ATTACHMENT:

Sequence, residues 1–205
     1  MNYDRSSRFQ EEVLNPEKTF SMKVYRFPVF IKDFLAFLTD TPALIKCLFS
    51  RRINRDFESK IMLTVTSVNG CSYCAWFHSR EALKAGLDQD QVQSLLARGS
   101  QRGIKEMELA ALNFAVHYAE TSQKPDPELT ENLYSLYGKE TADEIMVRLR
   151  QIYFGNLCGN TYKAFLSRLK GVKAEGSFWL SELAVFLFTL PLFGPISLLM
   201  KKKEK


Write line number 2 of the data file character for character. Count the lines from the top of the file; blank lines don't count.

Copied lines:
     1  MNYDRSSRFQ EEVLNPEKTF SMKVYRFPVF IKDFLAFLTD TPALIKCLFS